4. Take photographs of your child’s artwork. You can keep the reminder and get rid of the bulk. By the way, this is a great way to use up those last few pictures on a roll of film.
5. Use polypropylene memorabilia pockets to safely encapsulate and display small items such as ticket stubs, hospital tags or locks of hair.
6. Create a pocket page in your scrapbook album to hold awards, greeting cards, report cards or children’s artwork. To do this you’ll need two pieces of acid-free cardstock sized to fit your album. Cut the top off of one piece so that it is three to four inches shorter than the other piece (leaving the width as is). Place acid-free adhesive on the bottom and the two sides and adhere the shorter piece directly on top of the full-size piece of cardstock. This will provide you with a pocket to hold your assorted memorabilia, and you can embellish the front of the pocket as you choose.
Be sure to use acid-free adhesives when mounting memorabilia directly onto your album pages. You can use self-adhesive photo corners or a corner slot punch for those items that you don’t want to permanently mount.
To safeguard your precious keepsakes, practice these “Don’ts”:
Do not use rubber cement, tape or glue, which may contain acid and harmful chemicals that will destroy your photos and memorabilia.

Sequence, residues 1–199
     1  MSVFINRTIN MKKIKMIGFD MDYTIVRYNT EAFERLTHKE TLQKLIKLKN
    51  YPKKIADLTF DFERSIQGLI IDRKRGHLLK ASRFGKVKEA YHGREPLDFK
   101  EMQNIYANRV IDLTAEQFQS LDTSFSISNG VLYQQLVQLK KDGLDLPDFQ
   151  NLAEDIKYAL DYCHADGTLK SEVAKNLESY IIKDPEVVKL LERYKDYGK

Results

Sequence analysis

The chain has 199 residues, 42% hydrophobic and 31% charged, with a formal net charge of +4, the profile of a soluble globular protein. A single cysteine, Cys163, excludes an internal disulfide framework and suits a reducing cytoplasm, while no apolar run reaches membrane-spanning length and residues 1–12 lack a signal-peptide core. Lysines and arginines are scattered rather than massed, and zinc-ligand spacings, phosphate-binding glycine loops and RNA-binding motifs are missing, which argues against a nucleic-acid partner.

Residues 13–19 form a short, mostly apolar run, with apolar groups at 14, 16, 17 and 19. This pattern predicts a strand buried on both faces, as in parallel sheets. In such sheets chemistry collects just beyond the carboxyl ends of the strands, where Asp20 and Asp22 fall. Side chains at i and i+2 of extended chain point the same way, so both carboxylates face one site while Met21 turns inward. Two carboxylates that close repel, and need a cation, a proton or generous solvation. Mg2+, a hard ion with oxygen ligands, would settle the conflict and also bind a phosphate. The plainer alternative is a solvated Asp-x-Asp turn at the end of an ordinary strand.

Do not laminate memorabilia. Laminating with common heat-sealing laminating machines permanently traps dust and contaminants in a closed environment. Laminating machines that use heat subject your memorabilia to high heat and strong pressure that can cause it to age more quickly. And, laminating with a heat-sealing laminating machine means that the lamination is irreversible.
Never put newspaper directly into your scrapbook albums. Newspaper is a cheap paper that contains lignin. Have you ever noticed how quickly a newspaper yellows especially if it exposed to sunlight? The yellowing effect is the result of lignin. Newspaper also contains acid. Storing photographs and memorabilia with newspaper creates a damaging environment for your keepsakes, as the acid will migrate from the newspaper.
If you do not want to create a scrapbook album, you can still enjoy your items in the future, by ensuring their safety with the use of archival-quality storage supplies such as: acid-free file folders, archival boxes or polypropylene enclosures. (Remember: All supplies for storing and displaying photos or memorabilia should be acid-free, lignin-free, and PVC free!)
If you’ve been feeling guilty because you haven’t organized and protected your family’s keepsakes, then take heart. This accomplishment pales in comparison to the significance of the journey you embark on each day — creating joyful memories with the people you cherish most in your life.
Copyright 2003-2004, by The Sentimental Playground. Article may be reprinted with permission. Please contact in**@or*************.com
About The Author
Christine Sutton and her business partner, Tracey DuBois, have helped countless people organize, protect, and enjoy their precious photographs. They co-founded www.organizedphotos.com, a website that offers a fun approach to photo safety, organizing solutions, a FREE Photo Organizing Idea Kit and more! in**@or*************.com